The New Yorker
“I was furious,” Foss told me. “I stormed into the gallery and shouted at the director, ‘Take these pictures off the wall; they don’t belong there.’ I wasn’t happy seeing copies of my work all over the place.”
Kurt Vonnegut believed that a story’s main character has ups and downs that can be graphed to reveal the story’s shape. The shape of society’s stories, he said, is at least as interesting as the shape of its pots or spearheads.
Poverty is not only the lack of income and wealth but also the poverty of power. A key part of the poverty of power is to be defined as dependent: dependent on charity, handouts, welfare.
Yet, it is the wealthy, not the poor, who are dependent on government subsidies. To transform dependency into self-determination is the work of poor people’s movements. To demonstrate the dependency of the wealthy on welfare as well as on the labor of the poor must be our collective work.
“Who is Dependent on Welfare” with Ananya Roy
Today, an ordinary person can’t pick up the phone, email a friend or order a book without comprehensive records of their activities being created, archived, and analysed by people with the authority to put you in jail or worse. I know: I sat at that desk. I typed in the names.
When we know we’re being watched, we impose restraints on our behaviour – even clearly innocent activities – just as surely as if we were ordered to do so. The mass surveillance systems of today, systems that pre-emptively automate the indiscriminate seizure of private records, constitute a sort of surveillance time-machine – a machine that simply cannot operate without violating our liberty on the broadest scale. And it permits governments to go back and scrutinise every decision you’ve ever made, every friend you’ve ever spoken to, and derive suspicion from an innocent life. Even a well-intentioned mistake can turn a life upside down.
To preserve our free societies, we have to defend not just against distant enemies, but against dangerous policies at home. If we allow scarce resources to be squandered on surveillance programmes that violate the very rights they purport to defend, we haven’t protected our liberty at all: we have paid to lose it.
Ask a trivial question, get a profound, heartbreaking answer.
John Gravois tracked down the craze for overpriced toast hitting the coffee shops of San Francisco and discovered a very human origin story centered at a cafe called Trouble.
As places of business go, I would call Trouble impressively odd.
Trouble’s specialty is a thick slice of locally made white toast, generously covered with butter, cinnamon, and sugar: a variation on the cinnamon toast that everyone’s mom, including mine, seemed to make when I was a kid in the 1980s.
Trouble’s owner, and the apparent originator of San Francisco’s toast craze, is a slight, blue-eyed, 34-year-old woman with freckles tattooed on her cheeks named Giulietta Carrelli. In public, Carrelli wears a remarkably consistent uniform: a crop top with ripped black jeans and brown leather lace-up boots, with her blond hair wrapped in Jack Sparrowish scarves and headbands.
Carrelli’s explanations made a delightfully weird, fleeting kind of sense as I heard them. But then she told me something that made Trouble snap into focus.
More than a café, the shop is a carpentered-together, ingenious mechanism—a specialized tool—designed to keep Carrelli tethered to herself.
A Toast Story – Pacific Standard
This Gizmodo short documentary looks at how Criterion restored Alfred Hitchcock’s Foreign Correspondent. It seems tragic to scan the film at 2K instead of 4K because they couldn’t take the extra few days.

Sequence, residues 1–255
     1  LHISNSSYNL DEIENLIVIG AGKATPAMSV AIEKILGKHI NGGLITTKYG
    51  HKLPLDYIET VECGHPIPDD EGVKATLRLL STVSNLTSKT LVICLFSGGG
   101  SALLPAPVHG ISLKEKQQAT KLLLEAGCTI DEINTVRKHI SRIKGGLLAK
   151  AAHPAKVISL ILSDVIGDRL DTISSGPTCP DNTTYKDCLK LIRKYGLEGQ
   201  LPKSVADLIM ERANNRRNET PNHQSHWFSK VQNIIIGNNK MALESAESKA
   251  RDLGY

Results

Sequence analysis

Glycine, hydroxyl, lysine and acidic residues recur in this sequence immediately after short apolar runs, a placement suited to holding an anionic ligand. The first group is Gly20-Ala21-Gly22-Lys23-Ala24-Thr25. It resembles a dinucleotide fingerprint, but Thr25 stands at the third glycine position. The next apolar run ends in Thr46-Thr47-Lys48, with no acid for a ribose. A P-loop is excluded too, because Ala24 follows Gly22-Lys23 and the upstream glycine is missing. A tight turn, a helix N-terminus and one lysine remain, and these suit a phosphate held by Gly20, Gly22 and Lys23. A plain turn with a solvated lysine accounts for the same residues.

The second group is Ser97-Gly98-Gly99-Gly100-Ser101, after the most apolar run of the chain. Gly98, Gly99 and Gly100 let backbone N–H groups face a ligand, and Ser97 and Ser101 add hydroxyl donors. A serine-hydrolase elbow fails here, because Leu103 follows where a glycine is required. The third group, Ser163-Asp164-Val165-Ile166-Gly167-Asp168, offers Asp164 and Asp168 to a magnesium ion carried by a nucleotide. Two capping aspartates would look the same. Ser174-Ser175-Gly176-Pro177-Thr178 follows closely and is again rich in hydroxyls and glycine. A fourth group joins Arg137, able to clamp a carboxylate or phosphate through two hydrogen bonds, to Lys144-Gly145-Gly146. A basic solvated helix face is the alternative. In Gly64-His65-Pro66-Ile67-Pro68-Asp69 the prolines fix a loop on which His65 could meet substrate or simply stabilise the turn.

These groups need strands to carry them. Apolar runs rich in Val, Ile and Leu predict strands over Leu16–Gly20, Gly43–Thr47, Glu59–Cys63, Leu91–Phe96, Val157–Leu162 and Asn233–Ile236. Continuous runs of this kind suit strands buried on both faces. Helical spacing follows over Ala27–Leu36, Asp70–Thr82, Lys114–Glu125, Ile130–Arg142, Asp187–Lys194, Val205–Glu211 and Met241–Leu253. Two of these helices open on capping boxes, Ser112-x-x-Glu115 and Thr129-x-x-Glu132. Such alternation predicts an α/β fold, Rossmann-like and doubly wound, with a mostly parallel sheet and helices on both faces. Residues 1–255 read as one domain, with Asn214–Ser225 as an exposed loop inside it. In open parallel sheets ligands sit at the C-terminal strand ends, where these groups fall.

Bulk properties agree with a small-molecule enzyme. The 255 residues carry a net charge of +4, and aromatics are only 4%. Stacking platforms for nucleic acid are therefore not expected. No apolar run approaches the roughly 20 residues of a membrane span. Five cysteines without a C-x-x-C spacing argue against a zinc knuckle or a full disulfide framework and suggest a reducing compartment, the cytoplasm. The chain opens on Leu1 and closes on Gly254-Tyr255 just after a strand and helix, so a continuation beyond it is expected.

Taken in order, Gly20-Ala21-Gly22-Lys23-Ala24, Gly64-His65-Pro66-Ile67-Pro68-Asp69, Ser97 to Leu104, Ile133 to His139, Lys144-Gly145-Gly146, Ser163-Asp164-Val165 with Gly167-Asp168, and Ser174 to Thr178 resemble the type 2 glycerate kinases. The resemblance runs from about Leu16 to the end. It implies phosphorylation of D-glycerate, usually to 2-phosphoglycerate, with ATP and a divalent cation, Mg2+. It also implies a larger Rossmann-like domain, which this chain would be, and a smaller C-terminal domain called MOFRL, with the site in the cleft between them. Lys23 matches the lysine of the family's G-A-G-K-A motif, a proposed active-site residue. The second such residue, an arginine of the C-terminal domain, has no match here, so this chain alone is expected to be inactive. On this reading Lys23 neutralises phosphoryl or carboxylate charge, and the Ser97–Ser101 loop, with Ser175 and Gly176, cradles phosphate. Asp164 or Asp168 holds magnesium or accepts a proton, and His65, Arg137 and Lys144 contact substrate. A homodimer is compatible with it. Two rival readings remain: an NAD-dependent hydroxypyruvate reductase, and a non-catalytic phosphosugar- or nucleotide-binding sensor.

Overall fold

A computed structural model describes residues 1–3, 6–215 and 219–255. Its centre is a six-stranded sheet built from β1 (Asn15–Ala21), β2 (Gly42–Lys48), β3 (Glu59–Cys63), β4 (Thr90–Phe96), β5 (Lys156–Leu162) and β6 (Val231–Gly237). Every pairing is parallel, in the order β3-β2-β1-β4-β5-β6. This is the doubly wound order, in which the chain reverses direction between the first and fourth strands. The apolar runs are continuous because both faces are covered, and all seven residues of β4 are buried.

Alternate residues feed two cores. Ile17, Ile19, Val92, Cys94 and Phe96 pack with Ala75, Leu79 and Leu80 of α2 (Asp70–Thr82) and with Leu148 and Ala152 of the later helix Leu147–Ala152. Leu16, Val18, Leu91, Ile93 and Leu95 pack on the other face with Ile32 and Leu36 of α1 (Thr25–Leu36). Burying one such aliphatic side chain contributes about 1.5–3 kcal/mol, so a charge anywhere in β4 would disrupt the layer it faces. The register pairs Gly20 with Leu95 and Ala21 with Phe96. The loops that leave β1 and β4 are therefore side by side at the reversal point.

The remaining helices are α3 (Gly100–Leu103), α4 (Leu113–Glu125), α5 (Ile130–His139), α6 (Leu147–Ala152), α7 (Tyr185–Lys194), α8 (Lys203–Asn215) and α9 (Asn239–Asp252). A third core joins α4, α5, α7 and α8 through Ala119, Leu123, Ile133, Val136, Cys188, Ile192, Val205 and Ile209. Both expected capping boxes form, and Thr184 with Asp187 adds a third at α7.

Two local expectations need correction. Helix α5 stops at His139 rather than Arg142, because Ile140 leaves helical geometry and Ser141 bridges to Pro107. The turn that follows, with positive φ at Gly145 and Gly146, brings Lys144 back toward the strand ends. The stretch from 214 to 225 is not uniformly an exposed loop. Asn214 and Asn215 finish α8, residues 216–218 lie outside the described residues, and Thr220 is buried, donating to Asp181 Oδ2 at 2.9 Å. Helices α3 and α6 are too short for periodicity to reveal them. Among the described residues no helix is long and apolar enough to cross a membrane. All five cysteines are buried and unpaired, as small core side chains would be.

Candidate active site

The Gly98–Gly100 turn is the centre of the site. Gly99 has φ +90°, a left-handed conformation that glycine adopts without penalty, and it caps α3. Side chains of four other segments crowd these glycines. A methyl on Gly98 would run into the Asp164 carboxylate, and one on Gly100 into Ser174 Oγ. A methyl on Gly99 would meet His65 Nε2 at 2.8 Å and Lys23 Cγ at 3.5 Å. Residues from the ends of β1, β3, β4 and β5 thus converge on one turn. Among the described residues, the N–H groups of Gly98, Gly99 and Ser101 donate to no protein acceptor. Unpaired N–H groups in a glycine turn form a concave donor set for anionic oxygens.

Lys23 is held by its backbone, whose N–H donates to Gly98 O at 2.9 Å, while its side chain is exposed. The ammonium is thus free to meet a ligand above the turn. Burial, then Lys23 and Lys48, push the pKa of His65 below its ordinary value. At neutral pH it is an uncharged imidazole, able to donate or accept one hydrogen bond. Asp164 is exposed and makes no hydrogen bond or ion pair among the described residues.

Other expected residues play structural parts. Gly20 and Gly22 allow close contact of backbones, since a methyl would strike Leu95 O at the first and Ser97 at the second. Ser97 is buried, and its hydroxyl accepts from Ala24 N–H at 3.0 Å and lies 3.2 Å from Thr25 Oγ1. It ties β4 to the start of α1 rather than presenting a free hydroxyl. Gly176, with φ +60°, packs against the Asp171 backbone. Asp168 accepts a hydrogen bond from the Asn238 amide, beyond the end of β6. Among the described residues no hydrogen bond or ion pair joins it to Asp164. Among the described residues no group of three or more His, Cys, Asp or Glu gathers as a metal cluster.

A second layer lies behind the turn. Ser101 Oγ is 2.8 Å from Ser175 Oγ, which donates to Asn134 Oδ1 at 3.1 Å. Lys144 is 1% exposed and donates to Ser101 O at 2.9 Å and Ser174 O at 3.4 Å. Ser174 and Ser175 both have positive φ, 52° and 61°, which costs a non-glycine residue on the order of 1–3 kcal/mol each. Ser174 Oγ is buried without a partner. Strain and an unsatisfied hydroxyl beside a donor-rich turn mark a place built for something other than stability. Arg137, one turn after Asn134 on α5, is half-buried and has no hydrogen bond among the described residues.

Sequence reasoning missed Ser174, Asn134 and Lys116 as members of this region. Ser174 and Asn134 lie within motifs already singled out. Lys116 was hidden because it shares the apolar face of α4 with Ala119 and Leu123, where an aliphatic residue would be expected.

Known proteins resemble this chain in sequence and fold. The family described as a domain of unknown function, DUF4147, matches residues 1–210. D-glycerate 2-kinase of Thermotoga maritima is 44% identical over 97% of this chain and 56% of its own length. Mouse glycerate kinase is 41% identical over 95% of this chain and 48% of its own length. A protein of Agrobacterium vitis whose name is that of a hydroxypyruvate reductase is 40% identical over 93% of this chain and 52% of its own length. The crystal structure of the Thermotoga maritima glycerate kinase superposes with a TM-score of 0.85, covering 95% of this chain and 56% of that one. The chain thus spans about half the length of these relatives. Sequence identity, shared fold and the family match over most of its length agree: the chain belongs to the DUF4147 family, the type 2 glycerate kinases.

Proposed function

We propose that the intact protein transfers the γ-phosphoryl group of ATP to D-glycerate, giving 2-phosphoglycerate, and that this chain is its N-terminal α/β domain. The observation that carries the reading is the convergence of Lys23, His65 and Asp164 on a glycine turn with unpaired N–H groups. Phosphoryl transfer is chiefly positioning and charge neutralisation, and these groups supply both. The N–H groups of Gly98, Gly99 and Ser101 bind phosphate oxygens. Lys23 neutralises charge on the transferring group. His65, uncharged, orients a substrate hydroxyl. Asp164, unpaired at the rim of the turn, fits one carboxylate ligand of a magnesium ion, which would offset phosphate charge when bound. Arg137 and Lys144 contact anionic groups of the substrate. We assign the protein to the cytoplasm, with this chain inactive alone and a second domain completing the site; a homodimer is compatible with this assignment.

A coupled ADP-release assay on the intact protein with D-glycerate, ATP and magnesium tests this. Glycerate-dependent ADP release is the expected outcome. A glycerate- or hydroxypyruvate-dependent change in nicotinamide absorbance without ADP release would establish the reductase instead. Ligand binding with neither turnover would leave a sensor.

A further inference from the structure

Life After Pi is a short documentary about Rhythm & Hues Studios, the L.A. based Visual Effects company that won an Academy Award for its groundbreaking work on Life of Pi – just two weeks after declaring bankruptcy. The film explores rapidly changing forces impacting the global VFX community, and the Film Industry as a whole.
This is only the first chapter of an upcoming feature-length documentary Hollywood Ending, that delves into the larger, complex challenges facing the US Film Industry and the many professionals working within it, whose fates and livelihood are intertwined.
Playfully subversive and countercultural, the Lego Movie satirises surveillance culture and our modern-day neoliberal struggles, says Ben Walters.
The film’s exuberant, kid-friendly larks – Wild West! Robot pirates! Unicorn kittens! Batman! – are laced with satirical digs at surveillance culture, built-in obsolescence and police brutality, as well as inane positive thinking. Its opening sequences show a world in which a pliant, consumerist populace, mollified by overpriced coffee and dumb TV shows, is exploited by cynical leadership; political and corporate power are conflated in the villainous figure of “President Business”.
Our screens have been filled with images of urban collapse and apocalyptic destruction, dystopian wastelands and zombie hordes. But, like Washington and Westminster, Hollywood has been better at scaring us with the threat of calamity than inspiring hope for the new.
We don’t allow half a million kickstarters based on our ip without any deals in place.
Notch, creator of Minecraft
Tragically, it seems that Brandon Laatsch didn’t ask Mojang for permission to make his Minecraft film. The Kickstarter campaign has been cancelled, the videos that I published here have been pulled from YouTube (though the trailer can still be seen on the Kickstarter page) and there has been no word from Brandon either via Kickstarter update or his Twitter account. All a bit of a shame really, especially as the film had already raised 10% of the $600,000 required in under one day and Brandon would certainly have been able to deliver a pretty cool film.
Hypermorgen is an interdisciplinary lab for futures research:
We recently designed some icons to represent topics that will most likely become increasingly interesting in the next few years.
Some of them are tongue in cheek (like the Stanford bunnies in the 3D replication icon), some are more critical (like the synthetic biology spidergoat). They are meant to provoke different associations to start discussions about the future.
Hypermorgen have designed some icons to represent topics that will most likely become increasingly relevant in the next few years, available on the fantastic Noun Project site.